“I’m always surprised by the blame-the-customer argument,” Stéphane Deschênes, owner of Bare Oaks Family Naturist Resort, told Planet Nude in response to DeAnza’s change. “If a place doesn’t offer something that people value, they should not succeed. Yet several people in the discussion seem to argue that people have a duty to support resorts. I’ve also often heard business owners blame the customer base for their failure. I’m not sure how that can make any sense in their head.”
Yes, nudists should support nudist resorts and events, but likewise, nudist resorts are duly obliged to support nudists, especially the ones who prop up the resort with membership and site ownership—at least if they want to retain that business. As times and demographics shift, nudist resorts must learn how to compete in an increasingly complex market. DeAnza is clearly facing an existential dilemma in this sense, but it seems rather clear to this author that the loss of this once-great nudist space is rooted more in the failures of leadership than membership.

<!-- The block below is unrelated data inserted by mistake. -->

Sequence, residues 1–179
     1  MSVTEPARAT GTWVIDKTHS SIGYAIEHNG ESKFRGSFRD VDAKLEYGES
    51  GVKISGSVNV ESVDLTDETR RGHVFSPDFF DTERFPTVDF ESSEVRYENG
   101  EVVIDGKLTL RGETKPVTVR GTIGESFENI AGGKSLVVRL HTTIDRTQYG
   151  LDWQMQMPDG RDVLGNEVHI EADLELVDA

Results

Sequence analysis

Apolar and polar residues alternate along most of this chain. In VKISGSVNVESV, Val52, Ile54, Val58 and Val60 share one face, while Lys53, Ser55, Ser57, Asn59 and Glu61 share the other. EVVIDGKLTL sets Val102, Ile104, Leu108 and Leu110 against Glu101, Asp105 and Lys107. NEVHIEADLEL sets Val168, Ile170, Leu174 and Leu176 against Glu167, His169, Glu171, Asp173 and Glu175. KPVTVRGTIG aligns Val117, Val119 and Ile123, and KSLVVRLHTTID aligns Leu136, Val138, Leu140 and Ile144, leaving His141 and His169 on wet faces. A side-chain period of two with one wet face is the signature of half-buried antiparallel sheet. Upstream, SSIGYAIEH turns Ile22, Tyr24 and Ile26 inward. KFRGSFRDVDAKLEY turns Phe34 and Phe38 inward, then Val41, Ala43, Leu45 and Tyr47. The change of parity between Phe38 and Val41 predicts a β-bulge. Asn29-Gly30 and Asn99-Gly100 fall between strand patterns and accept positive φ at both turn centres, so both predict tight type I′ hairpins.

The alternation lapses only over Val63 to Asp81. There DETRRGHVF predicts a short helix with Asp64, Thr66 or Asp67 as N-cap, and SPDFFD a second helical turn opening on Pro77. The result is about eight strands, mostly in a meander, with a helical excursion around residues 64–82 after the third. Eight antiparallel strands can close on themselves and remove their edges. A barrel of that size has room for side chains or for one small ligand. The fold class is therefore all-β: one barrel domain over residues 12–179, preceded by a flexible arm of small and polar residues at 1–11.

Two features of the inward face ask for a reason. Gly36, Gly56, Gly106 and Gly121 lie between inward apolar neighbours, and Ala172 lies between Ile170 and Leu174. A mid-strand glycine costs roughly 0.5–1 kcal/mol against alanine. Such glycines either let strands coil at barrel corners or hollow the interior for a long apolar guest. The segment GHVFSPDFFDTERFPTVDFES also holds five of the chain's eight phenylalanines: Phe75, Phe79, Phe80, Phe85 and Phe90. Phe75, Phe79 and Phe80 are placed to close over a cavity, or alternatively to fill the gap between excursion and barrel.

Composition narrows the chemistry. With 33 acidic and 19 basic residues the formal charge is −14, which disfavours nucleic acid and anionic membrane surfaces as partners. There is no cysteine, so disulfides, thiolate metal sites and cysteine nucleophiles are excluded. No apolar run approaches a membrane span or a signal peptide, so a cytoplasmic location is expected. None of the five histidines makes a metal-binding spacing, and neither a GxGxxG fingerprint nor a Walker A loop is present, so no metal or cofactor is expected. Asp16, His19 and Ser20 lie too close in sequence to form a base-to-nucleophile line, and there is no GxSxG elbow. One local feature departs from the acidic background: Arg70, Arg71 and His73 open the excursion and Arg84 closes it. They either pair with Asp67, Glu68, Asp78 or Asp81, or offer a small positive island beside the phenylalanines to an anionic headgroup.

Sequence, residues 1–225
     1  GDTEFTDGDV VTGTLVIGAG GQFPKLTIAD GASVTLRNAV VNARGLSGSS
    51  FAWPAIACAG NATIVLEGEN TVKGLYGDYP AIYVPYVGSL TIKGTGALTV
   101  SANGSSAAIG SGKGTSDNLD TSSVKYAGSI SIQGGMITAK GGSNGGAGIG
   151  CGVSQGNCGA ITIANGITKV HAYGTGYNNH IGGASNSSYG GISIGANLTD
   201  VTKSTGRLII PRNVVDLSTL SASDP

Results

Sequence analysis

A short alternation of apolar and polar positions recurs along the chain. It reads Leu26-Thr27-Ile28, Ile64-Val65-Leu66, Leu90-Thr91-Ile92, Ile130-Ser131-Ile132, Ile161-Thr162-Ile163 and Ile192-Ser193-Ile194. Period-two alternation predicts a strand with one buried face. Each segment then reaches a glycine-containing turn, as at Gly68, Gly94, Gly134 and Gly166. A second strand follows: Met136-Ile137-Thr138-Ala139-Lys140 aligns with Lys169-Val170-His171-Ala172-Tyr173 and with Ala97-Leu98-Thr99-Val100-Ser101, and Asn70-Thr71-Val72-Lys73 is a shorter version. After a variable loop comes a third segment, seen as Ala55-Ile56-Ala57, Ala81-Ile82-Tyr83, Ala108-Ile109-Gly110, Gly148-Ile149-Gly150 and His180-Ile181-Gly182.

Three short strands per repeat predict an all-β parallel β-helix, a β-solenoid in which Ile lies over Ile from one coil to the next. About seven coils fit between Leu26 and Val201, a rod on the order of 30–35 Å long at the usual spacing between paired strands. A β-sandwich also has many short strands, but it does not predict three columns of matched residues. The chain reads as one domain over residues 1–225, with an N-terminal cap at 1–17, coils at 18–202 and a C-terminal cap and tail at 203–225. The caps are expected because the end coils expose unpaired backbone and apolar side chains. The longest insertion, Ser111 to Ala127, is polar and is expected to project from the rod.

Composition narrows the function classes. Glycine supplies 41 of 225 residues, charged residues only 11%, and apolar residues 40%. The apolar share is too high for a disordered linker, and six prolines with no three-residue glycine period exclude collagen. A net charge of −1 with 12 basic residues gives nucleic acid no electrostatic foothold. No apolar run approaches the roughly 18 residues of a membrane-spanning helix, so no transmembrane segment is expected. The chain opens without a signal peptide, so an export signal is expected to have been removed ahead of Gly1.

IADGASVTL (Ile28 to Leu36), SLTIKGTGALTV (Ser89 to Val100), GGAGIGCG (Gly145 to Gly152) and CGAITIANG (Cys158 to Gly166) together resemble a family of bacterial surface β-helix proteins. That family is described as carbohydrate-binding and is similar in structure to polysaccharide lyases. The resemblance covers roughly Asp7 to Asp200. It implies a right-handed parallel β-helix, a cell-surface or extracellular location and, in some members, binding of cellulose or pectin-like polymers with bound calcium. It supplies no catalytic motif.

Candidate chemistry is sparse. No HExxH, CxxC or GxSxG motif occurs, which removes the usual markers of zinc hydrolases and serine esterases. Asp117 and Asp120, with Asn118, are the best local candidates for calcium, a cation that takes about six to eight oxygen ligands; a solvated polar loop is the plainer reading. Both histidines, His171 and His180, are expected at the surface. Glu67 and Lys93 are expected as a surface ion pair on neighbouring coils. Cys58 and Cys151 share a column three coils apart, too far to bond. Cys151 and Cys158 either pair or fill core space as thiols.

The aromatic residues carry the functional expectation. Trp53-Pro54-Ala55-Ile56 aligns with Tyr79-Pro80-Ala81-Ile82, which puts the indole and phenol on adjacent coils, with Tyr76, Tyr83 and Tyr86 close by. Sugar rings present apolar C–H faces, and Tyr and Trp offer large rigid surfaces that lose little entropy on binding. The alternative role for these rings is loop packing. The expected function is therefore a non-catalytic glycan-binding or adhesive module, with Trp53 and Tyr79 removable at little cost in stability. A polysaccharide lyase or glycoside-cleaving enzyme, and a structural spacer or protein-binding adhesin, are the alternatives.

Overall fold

As for Claudia Kellersch, she seems determined to enjoy her nudism off the grounds of the park, “I will continue my nude hikes, as we can take our clothes off as soon as we are off property, and there are 500 acres of wilderness of Anza Borrego Desert State Park surrounding DeAnza.”
No doubt, this announcement may be met with mixed feelings, and we encourage our readers to share their thoughts and experiences. After all, naturism is about fostering an open, inclusive, and empathetic community. Change is inevitable, but hopefully the spirit of nudism will continue to thrive. 🪐
What do you think? Do you feel that this policy change is a part of a larger trend of club closures, or is it unique to DeAnza? Is there anything naturists/nudists can do?
Updated 8/2/2023 @ 2pm PST: The article was updated to include a quotation from Luke Wasyliw of DeAnza Springs Resort.
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Sikes, John Jr. “DeAnza Springs Resort Now Open”. Dec 1997. The Bulletin.
Demon, Beth. “The Reinvention of Jacumba Hot Springs”. Jul 17, 2023. San Diego Magazine. https://www.sandiegomagazine.com/travel/jacumba-hot-springs-reinvention/article_4228f6a4-21d4-11ee-8ede-9387b524d004.html